Codemod: PEG.JS – part 1

One of the goal of the OpenTextSummarizer project was to add tests and make the code a bit more customizable, while learning a bit more about the library. I decided that those tests would be written as recommended by some people whose advice struck me as very smart:

After some test code written, I started to realize that – while the tests were often simple – setting them up was taking a bit of time. So I started to look for ways to automate the test class.

Now there is no lack of unit test templating solutions; you could use Resharper, the Visual Studio item templates, T4… But I wanted to use something a bit different; a while ago I encoutered PEG.js, a parser generator javascript library that lets you handle a custom language and process it in your browser. Mhhhh, browser integrated parser, with all the rich possibilities of the javascript ecosystem at our fingertips? Let’s go!

So how shall we proceed? First, let’s say that we need a language that can express what we need in our tests. This language must then be parsed, and produce a structure that will somehow produce our test class. So we need some kind of templating, but integrating the template in the parsing may not prove the best idea; I’d prefer not mixing a structure and its representation if possible. Ok, let’s have the parser produce a JSON structure¬† which will then be used in a template engine.

Let’s talk tests

I want to express my tests according to the structure Phil Haack recommended, that is a test class usually matches the class we want to test. Each method in the class is matched by an internal subclass of the main test class whose behaviors are the test cases:

public class Test_class_name
{
    public class_name Target {get;set;}

    [SetUp]
    public void before_each_test()
    {
        Target = new class_name;
    }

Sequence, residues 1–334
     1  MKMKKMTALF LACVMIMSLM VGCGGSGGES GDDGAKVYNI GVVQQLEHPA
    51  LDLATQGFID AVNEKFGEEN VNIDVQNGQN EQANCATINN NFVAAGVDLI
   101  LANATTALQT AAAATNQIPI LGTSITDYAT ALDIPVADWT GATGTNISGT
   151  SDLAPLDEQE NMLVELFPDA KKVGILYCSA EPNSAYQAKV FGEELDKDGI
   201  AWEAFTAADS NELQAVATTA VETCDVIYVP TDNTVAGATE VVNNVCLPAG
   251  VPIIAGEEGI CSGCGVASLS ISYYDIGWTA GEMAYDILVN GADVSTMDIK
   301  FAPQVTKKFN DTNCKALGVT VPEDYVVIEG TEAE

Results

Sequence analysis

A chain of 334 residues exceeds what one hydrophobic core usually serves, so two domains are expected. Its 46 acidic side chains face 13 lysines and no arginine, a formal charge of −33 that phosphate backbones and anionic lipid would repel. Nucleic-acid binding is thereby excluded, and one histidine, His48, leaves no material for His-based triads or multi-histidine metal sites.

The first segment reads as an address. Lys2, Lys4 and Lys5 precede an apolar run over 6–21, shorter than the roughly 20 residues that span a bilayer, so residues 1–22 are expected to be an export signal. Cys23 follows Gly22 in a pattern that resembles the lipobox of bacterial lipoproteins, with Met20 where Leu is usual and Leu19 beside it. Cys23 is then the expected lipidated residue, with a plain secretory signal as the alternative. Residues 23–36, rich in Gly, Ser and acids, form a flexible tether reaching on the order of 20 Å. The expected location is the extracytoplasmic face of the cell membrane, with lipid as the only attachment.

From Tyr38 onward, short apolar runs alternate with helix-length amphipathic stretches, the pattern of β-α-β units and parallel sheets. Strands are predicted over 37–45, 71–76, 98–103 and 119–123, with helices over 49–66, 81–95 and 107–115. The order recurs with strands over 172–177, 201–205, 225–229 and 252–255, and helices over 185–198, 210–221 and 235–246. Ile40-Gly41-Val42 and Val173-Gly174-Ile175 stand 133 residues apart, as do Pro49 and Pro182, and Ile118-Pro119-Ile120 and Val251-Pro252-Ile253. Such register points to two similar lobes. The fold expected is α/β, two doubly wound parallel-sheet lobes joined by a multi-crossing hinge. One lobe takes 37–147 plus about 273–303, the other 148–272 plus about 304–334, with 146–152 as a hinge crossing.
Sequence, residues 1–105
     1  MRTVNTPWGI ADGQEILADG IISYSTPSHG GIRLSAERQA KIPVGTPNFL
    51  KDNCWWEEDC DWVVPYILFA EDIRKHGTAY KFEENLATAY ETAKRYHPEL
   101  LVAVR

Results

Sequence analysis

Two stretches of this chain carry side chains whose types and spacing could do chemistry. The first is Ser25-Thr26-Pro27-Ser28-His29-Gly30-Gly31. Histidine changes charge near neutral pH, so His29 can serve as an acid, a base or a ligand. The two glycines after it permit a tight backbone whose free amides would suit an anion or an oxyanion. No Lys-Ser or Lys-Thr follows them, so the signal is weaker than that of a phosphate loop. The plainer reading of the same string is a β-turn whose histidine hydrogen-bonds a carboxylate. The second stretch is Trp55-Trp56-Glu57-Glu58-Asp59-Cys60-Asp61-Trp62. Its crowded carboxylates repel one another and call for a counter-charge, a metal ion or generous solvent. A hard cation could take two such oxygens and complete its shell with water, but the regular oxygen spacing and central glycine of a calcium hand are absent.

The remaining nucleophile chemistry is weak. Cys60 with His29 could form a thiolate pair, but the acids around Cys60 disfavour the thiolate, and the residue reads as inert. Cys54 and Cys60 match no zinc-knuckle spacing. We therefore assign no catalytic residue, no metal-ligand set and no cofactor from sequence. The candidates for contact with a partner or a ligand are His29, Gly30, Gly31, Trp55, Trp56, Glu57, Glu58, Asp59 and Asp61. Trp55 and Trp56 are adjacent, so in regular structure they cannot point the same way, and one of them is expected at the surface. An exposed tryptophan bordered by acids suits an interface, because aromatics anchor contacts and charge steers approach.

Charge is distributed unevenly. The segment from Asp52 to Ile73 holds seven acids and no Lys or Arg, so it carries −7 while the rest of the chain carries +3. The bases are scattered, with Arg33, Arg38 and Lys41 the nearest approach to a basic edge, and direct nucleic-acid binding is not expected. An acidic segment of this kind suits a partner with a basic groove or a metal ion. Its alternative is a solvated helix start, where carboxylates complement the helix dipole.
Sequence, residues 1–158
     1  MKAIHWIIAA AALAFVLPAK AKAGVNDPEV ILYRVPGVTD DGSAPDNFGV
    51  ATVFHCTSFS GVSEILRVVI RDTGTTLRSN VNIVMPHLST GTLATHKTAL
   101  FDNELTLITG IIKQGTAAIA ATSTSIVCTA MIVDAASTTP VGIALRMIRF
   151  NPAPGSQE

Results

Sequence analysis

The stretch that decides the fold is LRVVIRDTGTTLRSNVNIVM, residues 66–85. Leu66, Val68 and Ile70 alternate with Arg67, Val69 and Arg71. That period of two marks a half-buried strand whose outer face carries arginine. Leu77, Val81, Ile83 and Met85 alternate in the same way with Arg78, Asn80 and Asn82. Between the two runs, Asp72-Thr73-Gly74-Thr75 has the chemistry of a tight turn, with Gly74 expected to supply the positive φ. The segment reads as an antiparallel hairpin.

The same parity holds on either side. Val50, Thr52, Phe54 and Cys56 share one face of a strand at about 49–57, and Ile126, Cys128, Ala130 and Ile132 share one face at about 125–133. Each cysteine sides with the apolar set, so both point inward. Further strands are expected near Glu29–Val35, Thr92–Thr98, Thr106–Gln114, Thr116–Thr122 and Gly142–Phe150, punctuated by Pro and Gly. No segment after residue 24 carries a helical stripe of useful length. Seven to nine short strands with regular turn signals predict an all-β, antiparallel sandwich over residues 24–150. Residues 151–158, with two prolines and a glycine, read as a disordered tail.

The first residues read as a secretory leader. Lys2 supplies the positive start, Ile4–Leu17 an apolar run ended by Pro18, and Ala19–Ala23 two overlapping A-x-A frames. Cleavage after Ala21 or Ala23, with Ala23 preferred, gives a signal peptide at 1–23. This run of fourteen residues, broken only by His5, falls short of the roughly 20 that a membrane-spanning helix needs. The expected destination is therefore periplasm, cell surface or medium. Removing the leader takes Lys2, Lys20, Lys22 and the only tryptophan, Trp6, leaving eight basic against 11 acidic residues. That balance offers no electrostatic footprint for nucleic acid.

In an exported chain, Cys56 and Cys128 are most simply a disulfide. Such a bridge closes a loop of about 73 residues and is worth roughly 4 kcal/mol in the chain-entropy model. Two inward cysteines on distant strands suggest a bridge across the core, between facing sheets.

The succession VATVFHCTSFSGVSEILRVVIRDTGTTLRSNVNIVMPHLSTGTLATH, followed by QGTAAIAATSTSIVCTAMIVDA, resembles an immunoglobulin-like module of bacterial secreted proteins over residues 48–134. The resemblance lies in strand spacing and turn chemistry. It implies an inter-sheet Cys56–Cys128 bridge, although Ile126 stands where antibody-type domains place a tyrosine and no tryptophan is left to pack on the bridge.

// Now each method has its own class with the system under test available through the Target property
    public class method_name: Testclass_name
    {
        [Test]
        public void cannot_be_called_twice()
        {
            // create your test here
        }
    }
}

After some fiddling, I decide that my test grammar must let me express:

  • The class that i will test
  • Its methods
  • The behaviors on these methods

So I start working on a PEG.js parser; a PEG works by refining the rules that compose the grammar. You can therefore say that a program is a collection of statements, that a statement is a string or an integer, and that an integer is a collection of numeric characters, a string a collection of characters. Here is what this kind of grammar could look like.

start = program
program = statement+
statement = string "\n"? / integer "\n"?
string = [a-z]+
integer = [0-9]+

The grammar can then completed by some javascript functions that will compute the output of the parser. It is possible to execute code when a rule is matched; the code will express the result of the parsing. With this in mind we can produce a JSON object based on our language.

To wrap up this first post, you can have a look at the grammar I ended up creating for the test description language. Next time we will take a look at what the parser produces and how we can use it to finally build our test class.

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